Demands of Honor is the second book in Kevin Ryan’s Errand of Fury trilogy. While the tensions between the Federation and the Klingon Empire continue to increase, Captain Kirk and the Enterprise are send back to System 7348 to monitor a Klingon warship supposedly only there to make contact with the genetical Klingons there. But en route they pick up a distress signal from a Federation ship inside the Klingon Territory. Will Kirk continue with his mission or help a ship in need which he can’t even be sure is legit?
I really liked the first book and the second is more of the same. This sentence might imply that I liked this book too, but honestly I thought it was a bit boring and average at best. Why? Because it is more of the same, and I mean that almost literally, since it basically has the same basic plot just with changed locales. And the problem is, that while we get as many fight scenes (or more) as in the first book, the character development was scaled back in my opinion, screwing the good balance Book One had. The only one really getting a decent amount of development is Michael Fuller, but what he gets isn’t overly engaging and wasn’t really able to captivate me.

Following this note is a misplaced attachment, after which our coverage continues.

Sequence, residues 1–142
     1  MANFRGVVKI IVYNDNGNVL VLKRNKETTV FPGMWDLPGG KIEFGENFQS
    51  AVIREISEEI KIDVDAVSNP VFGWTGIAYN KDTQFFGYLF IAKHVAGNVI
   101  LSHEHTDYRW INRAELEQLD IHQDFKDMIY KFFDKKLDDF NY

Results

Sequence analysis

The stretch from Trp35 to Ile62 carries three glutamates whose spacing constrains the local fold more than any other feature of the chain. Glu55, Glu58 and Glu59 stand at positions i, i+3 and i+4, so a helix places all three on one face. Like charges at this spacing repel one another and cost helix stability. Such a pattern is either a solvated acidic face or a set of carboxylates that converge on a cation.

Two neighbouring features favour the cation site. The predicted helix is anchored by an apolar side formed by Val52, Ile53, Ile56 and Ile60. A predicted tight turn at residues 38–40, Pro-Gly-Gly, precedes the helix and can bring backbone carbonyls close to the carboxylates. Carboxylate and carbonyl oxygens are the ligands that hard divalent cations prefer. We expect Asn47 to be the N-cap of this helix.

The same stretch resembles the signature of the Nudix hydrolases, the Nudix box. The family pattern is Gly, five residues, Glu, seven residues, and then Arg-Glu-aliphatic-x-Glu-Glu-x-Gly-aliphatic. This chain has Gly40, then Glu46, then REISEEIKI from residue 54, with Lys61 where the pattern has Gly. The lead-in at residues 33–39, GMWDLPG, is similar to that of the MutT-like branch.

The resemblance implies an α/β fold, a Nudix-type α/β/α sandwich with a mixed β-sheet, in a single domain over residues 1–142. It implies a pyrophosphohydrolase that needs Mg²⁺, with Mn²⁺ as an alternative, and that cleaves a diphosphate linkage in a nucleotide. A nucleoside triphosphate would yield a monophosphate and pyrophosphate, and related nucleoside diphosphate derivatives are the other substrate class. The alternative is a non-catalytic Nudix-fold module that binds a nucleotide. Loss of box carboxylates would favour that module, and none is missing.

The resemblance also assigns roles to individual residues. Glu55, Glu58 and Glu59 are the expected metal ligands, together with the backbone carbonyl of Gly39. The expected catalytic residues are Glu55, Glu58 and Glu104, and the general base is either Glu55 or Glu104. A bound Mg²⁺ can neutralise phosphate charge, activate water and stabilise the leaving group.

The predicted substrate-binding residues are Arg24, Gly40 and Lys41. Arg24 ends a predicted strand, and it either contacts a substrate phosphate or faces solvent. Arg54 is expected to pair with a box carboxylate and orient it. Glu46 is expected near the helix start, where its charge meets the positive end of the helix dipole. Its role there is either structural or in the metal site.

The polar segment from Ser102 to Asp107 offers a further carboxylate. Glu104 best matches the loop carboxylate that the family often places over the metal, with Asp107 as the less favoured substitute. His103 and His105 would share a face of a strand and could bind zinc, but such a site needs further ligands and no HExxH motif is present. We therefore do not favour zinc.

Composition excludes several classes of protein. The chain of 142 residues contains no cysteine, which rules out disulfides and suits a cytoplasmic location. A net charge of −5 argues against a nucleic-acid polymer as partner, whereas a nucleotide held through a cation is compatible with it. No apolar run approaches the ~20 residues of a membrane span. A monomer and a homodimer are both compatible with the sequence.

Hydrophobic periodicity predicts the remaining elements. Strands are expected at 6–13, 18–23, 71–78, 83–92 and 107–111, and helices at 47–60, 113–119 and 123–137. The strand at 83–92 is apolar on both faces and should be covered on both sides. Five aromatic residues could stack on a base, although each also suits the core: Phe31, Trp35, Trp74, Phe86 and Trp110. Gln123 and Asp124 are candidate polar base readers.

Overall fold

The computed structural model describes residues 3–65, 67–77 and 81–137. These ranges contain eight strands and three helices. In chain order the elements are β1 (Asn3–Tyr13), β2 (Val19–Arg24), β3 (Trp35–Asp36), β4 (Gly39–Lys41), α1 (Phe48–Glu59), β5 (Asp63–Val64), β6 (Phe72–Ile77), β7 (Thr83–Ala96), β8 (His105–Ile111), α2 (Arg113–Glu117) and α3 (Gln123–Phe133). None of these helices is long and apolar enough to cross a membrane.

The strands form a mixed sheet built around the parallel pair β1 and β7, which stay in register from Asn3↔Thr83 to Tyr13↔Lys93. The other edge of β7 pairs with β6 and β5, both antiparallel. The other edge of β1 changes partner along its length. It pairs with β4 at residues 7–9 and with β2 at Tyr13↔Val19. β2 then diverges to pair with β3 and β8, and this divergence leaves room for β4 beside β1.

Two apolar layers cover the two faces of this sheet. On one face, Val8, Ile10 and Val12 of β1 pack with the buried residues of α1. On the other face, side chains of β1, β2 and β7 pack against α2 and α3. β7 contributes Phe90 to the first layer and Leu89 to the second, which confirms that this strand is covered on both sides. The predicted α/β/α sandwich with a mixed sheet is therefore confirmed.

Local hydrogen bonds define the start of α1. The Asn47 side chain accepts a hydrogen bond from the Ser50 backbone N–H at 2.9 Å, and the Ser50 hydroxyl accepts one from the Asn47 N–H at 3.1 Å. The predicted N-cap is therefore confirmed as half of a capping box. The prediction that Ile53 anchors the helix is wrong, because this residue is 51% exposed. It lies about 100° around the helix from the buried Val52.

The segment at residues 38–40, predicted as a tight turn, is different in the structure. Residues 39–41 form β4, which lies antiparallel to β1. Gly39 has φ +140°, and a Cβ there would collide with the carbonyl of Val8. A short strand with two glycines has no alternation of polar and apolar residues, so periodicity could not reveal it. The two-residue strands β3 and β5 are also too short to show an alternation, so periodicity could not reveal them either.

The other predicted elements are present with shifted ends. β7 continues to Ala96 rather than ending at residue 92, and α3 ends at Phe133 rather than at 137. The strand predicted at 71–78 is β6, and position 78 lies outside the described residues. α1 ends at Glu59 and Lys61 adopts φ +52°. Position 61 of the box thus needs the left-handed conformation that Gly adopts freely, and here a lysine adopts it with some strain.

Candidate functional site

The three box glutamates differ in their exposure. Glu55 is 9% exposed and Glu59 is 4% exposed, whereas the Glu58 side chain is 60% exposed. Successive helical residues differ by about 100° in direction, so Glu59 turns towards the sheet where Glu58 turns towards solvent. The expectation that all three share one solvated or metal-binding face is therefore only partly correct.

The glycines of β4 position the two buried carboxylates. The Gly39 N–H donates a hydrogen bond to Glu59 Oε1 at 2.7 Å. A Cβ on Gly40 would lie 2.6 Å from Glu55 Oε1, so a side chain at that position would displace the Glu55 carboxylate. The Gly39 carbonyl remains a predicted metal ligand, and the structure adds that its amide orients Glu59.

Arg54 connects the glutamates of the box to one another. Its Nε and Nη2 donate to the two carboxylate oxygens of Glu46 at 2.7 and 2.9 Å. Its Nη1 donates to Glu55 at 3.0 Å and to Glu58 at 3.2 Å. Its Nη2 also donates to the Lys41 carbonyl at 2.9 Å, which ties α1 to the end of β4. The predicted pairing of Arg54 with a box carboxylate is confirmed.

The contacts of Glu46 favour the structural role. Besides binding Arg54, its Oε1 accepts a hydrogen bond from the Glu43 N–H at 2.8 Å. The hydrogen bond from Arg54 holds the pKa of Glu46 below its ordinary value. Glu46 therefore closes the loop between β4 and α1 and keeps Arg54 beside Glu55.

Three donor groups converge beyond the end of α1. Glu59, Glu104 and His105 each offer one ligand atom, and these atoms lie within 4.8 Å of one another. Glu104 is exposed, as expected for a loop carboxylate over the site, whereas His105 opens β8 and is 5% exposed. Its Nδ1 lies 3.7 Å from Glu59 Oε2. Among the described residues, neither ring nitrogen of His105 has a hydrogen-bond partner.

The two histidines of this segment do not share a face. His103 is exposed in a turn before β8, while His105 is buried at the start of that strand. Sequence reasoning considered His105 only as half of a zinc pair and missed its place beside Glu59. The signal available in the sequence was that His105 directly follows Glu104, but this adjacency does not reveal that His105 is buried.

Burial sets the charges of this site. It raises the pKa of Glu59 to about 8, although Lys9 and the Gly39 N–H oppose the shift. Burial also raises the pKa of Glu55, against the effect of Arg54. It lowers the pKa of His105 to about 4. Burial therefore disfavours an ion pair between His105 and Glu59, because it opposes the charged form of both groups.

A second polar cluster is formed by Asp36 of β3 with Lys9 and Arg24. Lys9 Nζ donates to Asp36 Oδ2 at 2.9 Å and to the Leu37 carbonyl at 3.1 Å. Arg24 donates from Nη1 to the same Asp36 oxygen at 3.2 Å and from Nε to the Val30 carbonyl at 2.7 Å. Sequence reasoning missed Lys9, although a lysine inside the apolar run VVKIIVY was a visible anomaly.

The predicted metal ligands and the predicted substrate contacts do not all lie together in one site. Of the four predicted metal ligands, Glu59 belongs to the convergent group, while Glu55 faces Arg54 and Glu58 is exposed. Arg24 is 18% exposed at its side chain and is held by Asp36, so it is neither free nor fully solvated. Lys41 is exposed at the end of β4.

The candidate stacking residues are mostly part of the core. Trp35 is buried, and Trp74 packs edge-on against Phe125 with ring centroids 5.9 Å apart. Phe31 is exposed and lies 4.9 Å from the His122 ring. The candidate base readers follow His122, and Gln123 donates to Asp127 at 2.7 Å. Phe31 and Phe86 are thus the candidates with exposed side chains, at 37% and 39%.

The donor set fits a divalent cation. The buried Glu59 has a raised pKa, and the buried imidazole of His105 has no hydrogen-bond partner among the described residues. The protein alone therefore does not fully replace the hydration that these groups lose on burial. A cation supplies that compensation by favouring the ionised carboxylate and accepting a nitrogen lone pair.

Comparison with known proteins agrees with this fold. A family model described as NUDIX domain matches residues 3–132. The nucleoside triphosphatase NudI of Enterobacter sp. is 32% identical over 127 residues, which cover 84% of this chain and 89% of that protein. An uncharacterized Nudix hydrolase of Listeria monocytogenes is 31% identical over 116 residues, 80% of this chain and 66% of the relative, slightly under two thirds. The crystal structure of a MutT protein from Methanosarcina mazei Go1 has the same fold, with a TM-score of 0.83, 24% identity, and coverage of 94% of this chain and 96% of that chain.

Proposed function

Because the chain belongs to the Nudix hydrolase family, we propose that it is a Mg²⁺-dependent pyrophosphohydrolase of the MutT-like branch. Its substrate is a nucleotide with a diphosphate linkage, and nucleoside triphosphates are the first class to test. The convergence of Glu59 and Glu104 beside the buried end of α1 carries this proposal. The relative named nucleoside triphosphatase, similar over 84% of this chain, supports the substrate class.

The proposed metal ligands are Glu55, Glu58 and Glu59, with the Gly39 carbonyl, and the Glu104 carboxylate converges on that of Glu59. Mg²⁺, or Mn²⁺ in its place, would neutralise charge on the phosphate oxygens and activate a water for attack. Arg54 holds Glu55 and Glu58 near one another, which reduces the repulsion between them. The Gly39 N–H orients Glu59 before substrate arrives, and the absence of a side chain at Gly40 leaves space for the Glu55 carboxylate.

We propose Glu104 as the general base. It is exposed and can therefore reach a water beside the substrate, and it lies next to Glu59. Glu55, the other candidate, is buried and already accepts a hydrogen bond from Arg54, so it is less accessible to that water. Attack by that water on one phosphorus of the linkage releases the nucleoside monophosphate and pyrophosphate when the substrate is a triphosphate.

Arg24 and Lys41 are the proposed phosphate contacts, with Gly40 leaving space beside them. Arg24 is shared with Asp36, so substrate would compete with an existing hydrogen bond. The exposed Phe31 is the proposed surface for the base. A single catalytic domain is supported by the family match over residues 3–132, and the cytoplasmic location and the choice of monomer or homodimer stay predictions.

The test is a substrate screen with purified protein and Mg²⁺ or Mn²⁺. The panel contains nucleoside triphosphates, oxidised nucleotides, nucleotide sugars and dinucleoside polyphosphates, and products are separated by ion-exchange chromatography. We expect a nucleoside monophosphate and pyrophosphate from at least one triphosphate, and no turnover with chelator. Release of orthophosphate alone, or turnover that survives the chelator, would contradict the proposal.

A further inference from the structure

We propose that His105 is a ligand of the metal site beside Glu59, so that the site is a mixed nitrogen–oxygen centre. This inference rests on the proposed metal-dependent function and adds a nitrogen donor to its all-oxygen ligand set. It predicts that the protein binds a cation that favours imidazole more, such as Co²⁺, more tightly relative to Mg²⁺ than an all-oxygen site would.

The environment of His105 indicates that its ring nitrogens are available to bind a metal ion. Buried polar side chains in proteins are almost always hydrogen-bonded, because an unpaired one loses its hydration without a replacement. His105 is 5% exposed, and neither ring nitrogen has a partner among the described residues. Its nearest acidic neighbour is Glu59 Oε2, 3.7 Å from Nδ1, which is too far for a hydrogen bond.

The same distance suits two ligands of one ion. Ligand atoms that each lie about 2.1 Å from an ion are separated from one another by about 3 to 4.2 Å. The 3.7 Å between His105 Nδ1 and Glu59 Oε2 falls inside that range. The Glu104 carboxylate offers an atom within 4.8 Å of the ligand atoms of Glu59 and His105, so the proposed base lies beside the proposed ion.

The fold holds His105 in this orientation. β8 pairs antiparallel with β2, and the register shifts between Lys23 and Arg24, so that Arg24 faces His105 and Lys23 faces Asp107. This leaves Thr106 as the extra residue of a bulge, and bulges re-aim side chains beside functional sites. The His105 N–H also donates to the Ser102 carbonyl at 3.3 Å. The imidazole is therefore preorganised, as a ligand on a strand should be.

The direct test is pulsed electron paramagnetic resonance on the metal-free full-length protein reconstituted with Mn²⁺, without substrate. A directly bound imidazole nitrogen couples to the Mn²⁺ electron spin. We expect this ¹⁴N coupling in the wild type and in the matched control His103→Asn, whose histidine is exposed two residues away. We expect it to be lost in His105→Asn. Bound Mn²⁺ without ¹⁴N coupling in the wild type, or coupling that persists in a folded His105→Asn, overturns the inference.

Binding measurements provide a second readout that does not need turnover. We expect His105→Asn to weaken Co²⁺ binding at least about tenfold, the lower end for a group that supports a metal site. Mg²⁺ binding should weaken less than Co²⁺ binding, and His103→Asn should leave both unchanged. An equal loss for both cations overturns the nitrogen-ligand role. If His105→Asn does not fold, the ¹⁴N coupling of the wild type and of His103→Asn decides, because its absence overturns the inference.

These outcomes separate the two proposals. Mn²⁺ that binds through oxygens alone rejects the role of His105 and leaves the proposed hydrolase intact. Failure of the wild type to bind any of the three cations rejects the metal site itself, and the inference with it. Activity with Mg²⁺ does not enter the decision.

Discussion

One of the problems of the book is that it doesn’t uses the interesting plot opportunities that were created in the first book: The more interesting big-scale Federation/Klingon hostility on the political/diplomatic front is mostly stalled and only develops at a very slow rate, just to show us more or less one fight/action scene after the other; the Human/Klingon pregnancy plot is more or less relegated to the background and Karel’s revenge story is an acceptable diversion at best. The only are where Ryan earns a few points is his portrayal of Adon, but ultimately that isn’t enough to rescue the book.
One of the low points of the book is Ryan’s depiction of the people from the Anti-Federation League. It’s kind of telling that Ryan wasn’t willing or able to show anyone from this group as truly opposing what the Federation stands for and being intelligent at the same time. They are either opposing the Federation and are just nuts (Alan) or instantly turn into Starfleet fans when they’re rescued (the rest), but not one of them seems to go the middle way, still criticising Starfleet/the Federation, but seeing the good that they do, too.
Overall the book is a huge disappointment and at no moment was able to reach the quality of the first book of the trilogy. The good balance in Seeds of Rage between plot and character development on the one side, and action elements on the other, is totally thrown out of the window in this one, in favour of the action stuff. While that can be interesting in the right doses, Kevin Ryan totally overdosed here.
Demands of Honor (by Kevin Ryan) was released by Pocket Books in February 2007.